School is just about in full swing for everyone and it can be hard to not get lost in the mix of it all as a parent with afterschool activities, sports and the like. And since we don’t get to be a fly on the wall in our kiddos’ classrooms, never mind how tricky it can sometimes be to get the scoop, here are some tips on different ways to ask, ‘How was school today?’ (because let’s be real, more often than not, that doesn’t lend itself to details, and we want details!)
– You may be busy trying to get dinner together, but get your kids involved and casually converse while they help in the kitchen.
– You may have to be deliberate. Ask, how did lunch go and/or what did you have for lunch? What did you do in PE today? This can spur on social conversations and in-class dynamics indirectly.
Conversation starters with the kids-
- Keep questions open-ended
- Be engaging
- Put down your phone, give kids (or really, anyone you’re with) your full attention
Instead of “How was school today?” Try…
- “Tell me about something that made you laugh today.”
- Playing high-low – invite the kids to share the high and low of what happened that day at school.
- “Tell me about something you learned today.”
- “Who did you play with at recess? What games did you play?”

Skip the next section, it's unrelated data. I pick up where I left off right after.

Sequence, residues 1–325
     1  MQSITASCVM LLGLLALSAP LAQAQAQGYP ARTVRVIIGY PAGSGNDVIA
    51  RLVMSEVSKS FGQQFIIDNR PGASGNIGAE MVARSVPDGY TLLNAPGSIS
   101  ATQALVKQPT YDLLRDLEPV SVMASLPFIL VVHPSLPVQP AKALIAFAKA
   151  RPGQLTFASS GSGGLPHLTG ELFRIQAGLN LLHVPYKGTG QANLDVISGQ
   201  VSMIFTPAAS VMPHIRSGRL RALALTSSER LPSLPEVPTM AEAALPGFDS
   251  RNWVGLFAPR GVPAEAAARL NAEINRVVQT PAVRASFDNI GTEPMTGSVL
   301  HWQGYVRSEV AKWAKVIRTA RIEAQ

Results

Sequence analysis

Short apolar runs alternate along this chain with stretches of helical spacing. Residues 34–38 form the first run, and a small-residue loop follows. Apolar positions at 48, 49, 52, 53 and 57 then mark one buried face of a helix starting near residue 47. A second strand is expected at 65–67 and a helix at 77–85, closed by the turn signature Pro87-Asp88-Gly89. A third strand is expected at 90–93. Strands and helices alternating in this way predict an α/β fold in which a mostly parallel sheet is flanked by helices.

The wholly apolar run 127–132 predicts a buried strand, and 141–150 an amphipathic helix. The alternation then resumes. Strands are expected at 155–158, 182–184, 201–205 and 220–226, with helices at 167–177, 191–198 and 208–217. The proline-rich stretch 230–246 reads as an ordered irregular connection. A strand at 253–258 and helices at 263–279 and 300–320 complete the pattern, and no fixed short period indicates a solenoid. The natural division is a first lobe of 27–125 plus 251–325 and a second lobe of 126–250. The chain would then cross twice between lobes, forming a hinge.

- “Did you fill anyone’s bucket today? How?”
- “What was the story in Reading about today?”
- “If you could trade seats with anyone in class, who would it be, and why?”
And for teens…
- “If your day at school today was a movie what movie would it be?”
- “Besides walking to class, what else do people do in the halls between classes?”
- “Are there any classes you get to have snacks in? What’s your favorite to snag from the vending machine?”
- “What was the coolest (saddest, funniest, scariest) thing that you saw today?”
- “Tell me one question that you had today…even if it wasn’t answered….actually, especially if it wasn’t answered…”
- “What part of the day do you look forward to? What part do you dread?”
-excerpted from Simple Simon and Company
Don’t take it personally or give the 3rd degree if your kids straight up don’t want to talk.
1.) It’s been a long day for them
2.) Not a whole lot may have gone on at school that day
Keys to good communication with kids is just being open, giving them attention when it’s needed and engaging your kids in conversation. It doesn’t have to be a “sit down,” even the most casual of conversations can mean the most. For instance, my daughter came into the bathroom while I was putting on makeup one morning and she asked me something about my makeup. We got to talking about it, and it led into conversing about getting older and the like. Talking with kids doesn’t have to be a check list of dos and don’ts. Just take time and be present physically, emotionally and mentally.